NADC34-like PRRSV strains were first detected in China in 2017, with epidemic potential. In this study, the phylogenetic, epidemic, and recombinant properties of NADC34-like PRRSV in China were evaluated comprehensively. From 2020 to October 2021, 82 NADC34-like PRRSV isolates were obtained from 433 PRRSV-positive clinical samples. These strains accounted for 11.5% and 28.6% of positives in 2020 and 2021, respectively, and have spread to eight provinces. We selected 15 samples for whole-genome sequencing, revealing genome lengths of 15,009 to 15,113 nt. Phylogenetic analysis revealed that Chinese NADC34-like strains cluster with American sublineage 1.5 strains and do not form an independent branch. Recombination analysis revealed that six of fifteen complete genome sequences derived from recombination between NADC34-like and NADC30-like or HP-PRRSV; they all recombined with local strains in China, exhibiting a complex recombination pattern. Partial Nsp2 sequence alignment showed that nine of fifteen isolates have a continuous 100-aa deletion (similar to IA/2014/NADC34); other isolates have a 131-aa discontinuity deletion (similar to NADC30). Five of them also have additional amino acid deletions, all of which are reported for the first time here. In the last two years, NADC34-like PRRSV has become one of the main epidemic strains in some areas of China; it has changed significantly, its homology has decreased significantly, and it has undergone complex recombination with local Chinese strains. These results are of great significance for understanding the current epidemic situation of PRRSV in China.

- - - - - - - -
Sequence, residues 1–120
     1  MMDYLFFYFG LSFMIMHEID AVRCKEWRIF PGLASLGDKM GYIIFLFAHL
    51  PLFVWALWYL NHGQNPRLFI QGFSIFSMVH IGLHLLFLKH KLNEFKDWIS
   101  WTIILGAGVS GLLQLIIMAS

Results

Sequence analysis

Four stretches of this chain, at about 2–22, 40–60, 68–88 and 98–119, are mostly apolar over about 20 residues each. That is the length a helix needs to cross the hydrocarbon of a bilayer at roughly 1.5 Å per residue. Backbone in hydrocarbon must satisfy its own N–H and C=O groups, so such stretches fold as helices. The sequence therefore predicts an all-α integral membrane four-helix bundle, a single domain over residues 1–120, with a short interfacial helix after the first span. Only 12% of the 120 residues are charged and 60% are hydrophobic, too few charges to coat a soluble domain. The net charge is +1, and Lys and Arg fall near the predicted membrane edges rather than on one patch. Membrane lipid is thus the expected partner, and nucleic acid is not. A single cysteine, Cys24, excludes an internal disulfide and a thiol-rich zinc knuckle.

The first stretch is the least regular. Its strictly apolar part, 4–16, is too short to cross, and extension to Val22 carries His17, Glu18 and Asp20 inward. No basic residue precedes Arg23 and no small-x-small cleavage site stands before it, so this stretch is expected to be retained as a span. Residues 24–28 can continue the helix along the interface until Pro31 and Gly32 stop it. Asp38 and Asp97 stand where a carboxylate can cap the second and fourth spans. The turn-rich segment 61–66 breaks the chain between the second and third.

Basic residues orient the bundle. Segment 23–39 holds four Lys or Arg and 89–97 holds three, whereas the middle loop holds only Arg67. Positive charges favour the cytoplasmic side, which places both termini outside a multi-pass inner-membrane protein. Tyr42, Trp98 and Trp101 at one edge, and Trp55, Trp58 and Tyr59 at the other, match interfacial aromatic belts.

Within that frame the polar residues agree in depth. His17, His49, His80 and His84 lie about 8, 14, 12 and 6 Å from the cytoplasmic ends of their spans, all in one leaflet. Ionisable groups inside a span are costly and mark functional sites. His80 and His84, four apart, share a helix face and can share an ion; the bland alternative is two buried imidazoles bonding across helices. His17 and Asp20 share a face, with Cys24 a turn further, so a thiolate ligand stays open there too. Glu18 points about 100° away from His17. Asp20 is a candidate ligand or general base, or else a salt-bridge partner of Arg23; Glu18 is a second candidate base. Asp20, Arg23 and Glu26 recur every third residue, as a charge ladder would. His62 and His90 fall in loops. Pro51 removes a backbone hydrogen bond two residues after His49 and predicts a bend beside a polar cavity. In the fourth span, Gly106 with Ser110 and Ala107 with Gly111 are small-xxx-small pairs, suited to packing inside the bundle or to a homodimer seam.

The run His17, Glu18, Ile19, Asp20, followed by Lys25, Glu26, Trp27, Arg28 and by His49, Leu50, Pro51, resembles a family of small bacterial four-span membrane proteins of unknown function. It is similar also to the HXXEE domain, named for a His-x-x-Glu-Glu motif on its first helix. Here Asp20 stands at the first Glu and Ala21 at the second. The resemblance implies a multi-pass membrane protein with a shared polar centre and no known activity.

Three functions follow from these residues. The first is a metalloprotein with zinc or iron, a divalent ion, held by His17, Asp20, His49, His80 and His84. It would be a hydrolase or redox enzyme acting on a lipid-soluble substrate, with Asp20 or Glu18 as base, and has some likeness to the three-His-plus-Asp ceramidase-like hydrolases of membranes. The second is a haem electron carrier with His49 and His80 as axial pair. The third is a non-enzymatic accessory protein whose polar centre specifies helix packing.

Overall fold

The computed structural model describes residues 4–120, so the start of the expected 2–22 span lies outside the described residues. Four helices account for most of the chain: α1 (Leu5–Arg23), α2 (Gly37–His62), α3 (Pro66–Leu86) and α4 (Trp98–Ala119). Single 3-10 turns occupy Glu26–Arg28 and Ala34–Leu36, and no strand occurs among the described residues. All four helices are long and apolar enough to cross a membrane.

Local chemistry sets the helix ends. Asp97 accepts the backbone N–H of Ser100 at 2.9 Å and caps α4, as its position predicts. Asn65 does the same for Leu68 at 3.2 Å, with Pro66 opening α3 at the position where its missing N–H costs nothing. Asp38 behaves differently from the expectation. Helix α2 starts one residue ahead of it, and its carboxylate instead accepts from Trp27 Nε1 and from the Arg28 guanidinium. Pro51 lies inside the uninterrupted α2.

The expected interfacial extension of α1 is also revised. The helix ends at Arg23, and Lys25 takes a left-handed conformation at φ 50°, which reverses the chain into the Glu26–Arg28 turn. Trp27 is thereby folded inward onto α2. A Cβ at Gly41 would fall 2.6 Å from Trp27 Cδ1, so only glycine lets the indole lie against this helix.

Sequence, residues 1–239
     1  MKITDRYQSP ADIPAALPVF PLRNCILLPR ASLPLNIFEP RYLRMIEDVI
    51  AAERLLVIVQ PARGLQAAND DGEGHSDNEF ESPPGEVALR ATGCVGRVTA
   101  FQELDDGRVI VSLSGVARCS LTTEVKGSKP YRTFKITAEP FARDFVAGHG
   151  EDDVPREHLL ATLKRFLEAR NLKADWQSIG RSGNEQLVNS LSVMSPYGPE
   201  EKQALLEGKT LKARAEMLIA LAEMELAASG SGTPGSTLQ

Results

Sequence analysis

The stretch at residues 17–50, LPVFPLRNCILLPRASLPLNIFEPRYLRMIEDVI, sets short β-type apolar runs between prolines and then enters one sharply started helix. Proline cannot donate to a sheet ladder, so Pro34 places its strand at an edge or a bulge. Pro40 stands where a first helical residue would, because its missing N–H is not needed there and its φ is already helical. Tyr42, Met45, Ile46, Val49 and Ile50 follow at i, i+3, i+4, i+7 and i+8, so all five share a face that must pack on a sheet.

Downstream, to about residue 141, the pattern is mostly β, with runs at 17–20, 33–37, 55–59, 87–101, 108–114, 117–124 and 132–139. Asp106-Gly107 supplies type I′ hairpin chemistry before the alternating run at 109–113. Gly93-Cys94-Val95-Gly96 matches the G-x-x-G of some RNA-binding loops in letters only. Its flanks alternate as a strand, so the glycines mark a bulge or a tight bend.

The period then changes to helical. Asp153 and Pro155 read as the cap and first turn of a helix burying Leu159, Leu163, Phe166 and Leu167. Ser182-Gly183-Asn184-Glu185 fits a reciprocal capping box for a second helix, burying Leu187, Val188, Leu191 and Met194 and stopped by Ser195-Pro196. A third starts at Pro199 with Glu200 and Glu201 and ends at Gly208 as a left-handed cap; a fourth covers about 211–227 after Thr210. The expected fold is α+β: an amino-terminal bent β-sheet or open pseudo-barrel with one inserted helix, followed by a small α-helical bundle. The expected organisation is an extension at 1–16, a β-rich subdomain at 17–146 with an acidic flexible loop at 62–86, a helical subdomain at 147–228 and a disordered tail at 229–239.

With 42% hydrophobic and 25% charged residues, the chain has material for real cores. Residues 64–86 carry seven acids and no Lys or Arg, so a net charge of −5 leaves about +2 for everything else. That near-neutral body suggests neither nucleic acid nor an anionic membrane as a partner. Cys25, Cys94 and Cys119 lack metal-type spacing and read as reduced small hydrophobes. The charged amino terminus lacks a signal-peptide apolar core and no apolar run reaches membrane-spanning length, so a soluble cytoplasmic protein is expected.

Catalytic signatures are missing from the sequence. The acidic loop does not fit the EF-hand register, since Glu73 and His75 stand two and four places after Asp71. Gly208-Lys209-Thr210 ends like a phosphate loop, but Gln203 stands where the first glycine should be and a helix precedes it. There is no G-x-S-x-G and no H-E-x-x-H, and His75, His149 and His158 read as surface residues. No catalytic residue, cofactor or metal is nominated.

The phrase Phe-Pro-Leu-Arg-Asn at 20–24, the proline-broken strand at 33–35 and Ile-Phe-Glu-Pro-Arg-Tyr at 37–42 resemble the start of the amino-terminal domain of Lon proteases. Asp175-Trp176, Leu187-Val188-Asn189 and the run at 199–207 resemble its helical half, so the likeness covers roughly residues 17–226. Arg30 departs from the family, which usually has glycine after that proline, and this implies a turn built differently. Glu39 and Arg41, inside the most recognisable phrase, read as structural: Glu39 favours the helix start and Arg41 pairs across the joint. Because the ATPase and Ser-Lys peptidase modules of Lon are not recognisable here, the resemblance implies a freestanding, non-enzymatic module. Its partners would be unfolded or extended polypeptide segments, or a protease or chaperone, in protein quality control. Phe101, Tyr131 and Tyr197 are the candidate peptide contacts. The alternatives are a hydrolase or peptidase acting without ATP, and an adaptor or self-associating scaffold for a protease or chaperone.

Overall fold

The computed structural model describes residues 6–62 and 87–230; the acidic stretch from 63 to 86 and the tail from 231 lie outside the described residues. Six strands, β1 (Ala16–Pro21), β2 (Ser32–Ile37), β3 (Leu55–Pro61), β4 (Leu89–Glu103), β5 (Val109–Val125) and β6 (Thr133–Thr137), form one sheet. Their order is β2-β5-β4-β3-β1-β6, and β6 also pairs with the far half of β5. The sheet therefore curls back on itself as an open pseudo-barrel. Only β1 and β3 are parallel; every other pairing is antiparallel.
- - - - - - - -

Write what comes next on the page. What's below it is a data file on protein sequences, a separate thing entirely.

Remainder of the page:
Indirect costs of animal disease outbreaks often significantly exceed the direct costs. Despite their importance, indirect costs remain poorly characterised due to their complexity. In this study, we developed a framework to assess the indirect costs of a hypothetical African Swine Fever outbreak in Switzerland. We collected data through international and national stakeholder interviews, analysis of national disease control regulations and industry data. We developed a framework to capture the resulting qualitative and quantitative data, categorise the impacts of these regulations, and rank the impacts in order of importance. We then developed a spreadsheet model to calculate the indirect costs of one category of control measure for an individual group of stakeholders. We developed a decision tree model to guide the most economically favourable implementation plan for a given control measure category, under different outbreak scenarios. Our results suggest that the most important measure/impact categories were ‘Transport logistics’, ‘Consumer demand’, ‘Prevention of wild boar and domestic pig contact’ and ‘Slaughter logistics’. In our hypothetical scenario, the greatest costs associated with ‘Prevention of wild boar and domestic pig contact’ were due to assumed partial or total depopulation of pig farms in order to reduce herd size to comply with the simulated control regulations. The model also provides suggestions on the most economically favourable strategy to reduce contact between wild boar and domestic pigs in control areas depending on the duration of the outbreak. Our approach provides a new framework to integrate qualitative and quantitative data to guide disease control strategy. This method could be useful in other countries and for other diseases, including in data- and resource-poor settings, or areas with limited experience of animal disease outbreaks.